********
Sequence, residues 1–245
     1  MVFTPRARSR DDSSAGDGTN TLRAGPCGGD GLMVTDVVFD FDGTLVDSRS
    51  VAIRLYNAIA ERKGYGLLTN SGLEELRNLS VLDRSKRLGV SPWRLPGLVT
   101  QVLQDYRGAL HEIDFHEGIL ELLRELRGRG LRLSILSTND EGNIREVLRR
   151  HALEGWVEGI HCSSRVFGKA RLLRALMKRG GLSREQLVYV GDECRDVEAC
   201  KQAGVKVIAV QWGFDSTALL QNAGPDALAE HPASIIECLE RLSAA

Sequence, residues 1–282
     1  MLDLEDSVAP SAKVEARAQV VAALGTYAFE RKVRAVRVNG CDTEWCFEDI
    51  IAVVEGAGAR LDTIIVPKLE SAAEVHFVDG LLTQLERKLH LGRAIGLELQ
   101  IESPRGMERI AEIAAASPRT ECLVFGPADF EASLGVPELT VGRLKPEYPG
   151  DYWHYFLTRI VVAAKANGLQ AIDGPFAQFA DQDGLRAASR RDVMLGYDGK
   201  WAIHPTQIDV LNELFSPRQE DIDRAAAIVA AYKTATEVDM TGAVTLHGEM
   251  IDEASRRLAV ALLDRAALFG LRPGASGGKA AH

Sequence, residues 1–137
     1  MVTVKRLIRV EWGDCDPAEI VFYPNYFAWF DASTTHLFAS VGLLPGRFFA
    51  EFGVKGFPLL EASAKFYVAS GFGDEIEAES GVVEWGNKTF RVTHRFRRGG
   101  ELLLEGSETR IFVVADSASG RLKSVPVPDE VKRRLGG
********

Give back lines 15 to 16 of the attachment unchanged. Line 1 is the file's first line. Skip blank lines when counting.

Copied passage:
     1  MVTVKRLIRV EWGDCDPAEI VFYPNYFAWF DASTTHLFAS VGLLPGRFFA
    51  EFGVKGFPLL EASAKFYVAS GFGDEIEAES GVVEWGNKTF RVTHRFRRGG